Here’s a surprising fact: A lot of hospital staff members – particularly nurses - suffer from low morale, stress, and high turnover rates because of arrogant, abusive, and obnoxious doctors! In fact, one-third of nurses say they know somebody who quit their job because of a doctor’s bad behavior. According to The New York Times, there are stories of extremes, like several nurses who had to duck scalpels thrown across an operating room by an angry surgeon. However, staffers are more likely to be belittled, insulted, or yelled at – often in front of patients and other staff members.
Dr. William Norcross runs an anger management program for physicians. He says that about 4% of doctors are abusive, and the leading offenders are in high-pressure fields, like neurosurgery, orthopedics and cardiology. Dr. Norcross blames the behavior on brutal training practices, like the long hours, and the tradition of supervising doctors belittling medical students, and bombarding them with questions until they look stupid. He says it creates a hostile working environment that newly-minted doctors think is normal and acceptable. However, the uproar hurts patient care!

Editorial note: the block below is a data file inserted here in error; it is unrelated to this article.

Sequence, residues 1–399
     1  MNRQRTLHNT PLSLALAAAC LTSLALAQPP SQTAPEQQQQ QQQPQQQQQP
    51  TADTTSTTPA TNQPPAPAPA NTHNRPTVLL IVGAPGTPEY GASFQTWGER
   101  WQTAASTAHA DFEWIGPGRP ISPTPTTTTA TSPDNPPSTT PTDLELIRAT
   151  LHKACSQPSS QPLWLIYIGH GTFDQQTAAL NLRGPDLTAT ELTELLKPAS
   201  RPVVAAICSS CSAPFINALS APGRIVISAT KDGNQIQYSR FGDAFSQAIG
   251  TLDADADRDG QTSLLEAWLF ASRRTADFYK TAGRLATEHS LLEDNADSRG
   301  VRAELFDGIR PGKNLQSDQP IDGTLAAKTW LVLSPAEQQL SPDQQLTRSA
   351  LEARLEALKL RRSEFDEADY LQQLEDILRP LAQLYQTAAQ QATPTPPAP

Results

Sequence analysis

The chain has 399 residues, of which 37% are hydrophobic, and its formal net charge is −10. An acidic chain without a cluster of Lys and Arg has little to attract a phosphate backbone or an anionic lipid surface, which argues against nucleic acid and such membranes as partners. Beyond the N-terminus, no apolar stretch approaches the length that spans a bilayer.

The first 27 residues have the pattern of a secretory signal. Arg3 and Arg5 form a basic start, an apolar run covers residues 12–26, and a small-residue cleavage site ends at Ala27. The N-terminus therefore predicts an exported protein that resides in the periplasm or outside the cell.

In a recent survey of nonprofit hospitals in North America, 67% of health care workers said there’s a link between disruptive behavior and medical mistakes. Forty percent of hospital workers say they were so intimidated that they didn’t speak up when they thought a doctor ordered the wrong medication, or knew a surgeon was about to operate on the wrong body part! So, what’s being done to fix this?
- Two of the 6 “core skills” now taught in medical schools and residence programs are leadership and good communication. Skills partly designed to improve relations between doctors and nurses.
- Also, more nurses are challenging doctors on their inappropriate behavior because they know the hospital will be on their side.
- Fewer hospitals are tolerating disruptive doctors – either getting rid of them, or sending them to anger management classes.